Charlotte's Light Rail Line Draws Closer to Finish Line

Charlotte's light rail system, 17 years in the making, is getting closer to the operational stage, though rising costs and shortages of skilled workers are threatening to push it over its $427-million budget. The South Corridor Light Rail Project is 10 miles long, going from uptown Charlotte to the I-485 highway. Also included are plans for 15 stations (including seven with park-and-ride lots) and four new bridges at major intersections. The vehicles are low-floor, with a capacity of 236 and will travel the route in about 23 minutes. Begun in 1990, the project started from scratch as Charlotte had not much of a transit focus at the time. Challenges include difficult federal funding hurdles, and rising construction costs, spurred by more expensive steel and cement and the migration of skilled workers to more lucrative jobs in hurricane-ravaged states to the south. The line has already spurred about $400 million in private sector development with residential projects near stations and subsidized housing to keep units affordable. The goal is to develop more compact land-use patterns.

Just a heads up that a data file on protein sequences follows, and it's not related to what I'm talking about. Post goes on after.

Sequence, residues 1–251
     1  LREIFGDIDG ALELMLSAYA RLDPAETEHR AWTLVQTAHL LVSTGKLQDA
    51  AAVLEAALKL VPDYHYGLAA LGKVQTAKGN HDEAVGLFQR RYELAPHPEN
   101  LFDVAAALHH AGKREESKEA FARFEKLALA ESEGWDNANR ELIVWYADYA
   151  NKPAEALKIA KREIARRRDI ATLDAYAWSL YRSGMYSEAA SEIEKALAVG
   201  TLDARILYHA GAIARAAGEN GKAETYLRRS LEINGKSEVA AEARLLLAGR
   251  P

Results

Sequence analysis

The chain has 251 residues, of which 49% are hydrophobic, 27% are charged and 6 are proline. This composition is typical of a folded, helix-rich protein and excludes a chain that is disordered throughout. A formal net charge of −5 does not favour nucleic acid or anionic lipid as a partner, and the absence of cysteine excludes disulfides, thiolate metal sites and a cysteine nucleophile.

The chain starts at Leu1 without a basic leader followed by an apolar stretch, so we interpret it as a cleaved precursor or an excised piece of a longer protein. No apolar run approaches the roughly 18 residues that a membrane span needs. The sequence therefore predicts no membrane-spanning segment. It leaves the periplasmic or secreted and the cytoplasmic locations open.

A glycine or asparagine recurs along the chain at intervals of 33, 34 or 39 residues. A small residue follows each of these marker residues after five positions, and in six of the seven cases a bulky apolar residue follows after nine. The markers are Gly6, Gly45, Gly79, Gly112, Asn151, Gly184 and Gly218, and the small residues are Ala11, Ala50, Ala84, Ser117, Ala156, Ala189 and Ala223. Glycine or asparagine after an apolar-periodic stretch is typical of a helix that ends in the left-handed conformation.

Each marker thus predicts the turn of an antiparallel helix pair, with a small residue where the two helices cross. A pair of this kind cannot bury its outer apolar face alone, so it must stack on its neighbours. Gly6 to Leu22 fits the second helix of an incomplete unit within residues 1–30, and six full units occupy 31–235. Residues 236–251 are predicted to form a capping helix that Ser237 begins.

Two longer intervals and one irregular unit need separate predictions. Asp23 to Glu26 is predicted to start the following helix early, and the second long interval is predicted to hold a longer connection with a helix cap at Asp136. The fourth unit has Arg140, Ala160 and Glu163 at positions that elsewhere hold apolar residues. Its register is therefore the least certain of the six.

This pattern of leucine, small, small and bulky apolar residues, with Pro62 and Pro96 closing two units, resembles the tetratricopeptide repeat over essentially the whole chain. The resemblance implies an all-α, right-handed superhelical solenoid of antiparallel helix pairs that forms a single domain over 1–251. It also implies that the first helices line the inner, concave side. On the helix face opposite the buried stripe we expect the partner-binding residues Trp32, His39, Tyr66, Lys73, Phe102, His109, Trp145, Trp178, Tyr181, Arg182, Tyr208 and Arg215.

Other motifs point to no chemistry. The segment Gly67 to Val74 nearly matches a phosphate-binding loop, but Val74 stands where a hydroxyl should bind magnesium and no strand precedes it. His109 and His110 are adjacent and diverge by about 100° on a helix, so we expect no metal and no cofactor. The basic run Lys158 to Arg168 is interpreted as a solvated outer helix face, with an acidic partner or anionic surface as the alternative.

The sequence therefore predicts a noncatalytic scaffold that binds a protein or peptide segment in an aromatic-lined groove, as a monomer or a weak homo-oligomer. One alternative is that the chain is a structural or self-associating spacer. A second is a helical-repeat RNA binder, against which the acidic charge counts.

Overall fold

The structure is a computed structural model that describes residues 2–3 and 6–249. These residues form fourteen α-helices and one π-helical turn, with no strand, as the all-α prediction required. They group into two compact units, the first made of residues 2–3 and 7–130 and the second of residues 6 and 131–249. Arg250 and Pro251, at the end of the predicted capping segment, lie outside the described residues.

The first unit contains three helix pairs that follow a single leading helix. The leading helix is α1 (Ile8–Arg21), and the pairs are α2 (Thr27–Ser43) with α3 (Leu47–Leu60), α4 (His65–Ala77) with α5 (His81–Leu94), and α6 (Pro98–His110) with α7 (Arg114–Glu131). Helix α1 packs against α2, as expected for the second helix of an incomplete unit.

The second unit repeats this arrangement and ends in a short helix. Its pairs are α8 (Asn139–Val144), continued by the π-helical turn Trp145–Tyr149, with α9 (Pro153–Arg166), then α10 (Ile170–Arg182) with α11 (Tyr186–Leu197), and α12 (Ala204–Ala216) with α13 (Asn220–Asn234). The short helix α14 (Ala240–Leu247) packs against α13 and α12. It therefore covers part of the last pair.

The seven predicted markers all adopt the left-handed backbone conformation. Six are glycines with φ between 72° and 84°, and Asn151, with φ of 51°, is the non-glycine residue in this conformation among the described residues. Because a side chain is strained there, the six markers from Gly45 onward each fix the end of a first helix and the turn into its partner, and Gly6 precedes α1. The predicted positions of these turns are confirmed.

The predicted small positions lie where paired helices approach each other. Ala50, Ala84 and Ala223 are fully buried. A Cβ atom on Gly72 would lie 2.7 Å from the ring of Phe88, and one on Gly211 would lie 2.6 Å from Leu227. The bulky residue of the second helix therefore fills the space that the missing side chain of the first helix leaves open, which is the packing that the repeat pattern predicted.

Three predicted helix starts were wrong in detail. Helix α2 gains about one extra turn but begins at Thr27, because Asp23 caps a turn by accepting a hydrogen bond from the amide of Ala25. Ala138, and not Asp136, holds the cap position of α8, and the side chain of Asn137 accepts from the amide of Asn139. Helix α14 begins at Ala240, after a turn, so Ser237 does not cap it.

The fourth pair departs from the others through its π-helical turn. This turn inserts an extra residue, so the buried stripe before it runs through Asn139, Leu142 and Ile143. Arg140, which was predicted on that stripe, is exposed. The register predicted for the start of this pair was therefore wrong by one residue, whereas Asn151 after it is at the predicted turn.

Language

  • English

Media Info

  • Media Type: Print
  • Features: Illustrations;
  • Pagination: pp 56-59
  • Serial:

Subject/Index Terms

Filing Info

  • Accession Number: 01015022
  • Record Type: Publication
  • Source Agency: UC Berkeley Transportation Library
  • Files: BTRIS, TRIS
  • Created Date: Dec 7 2005 6:25PM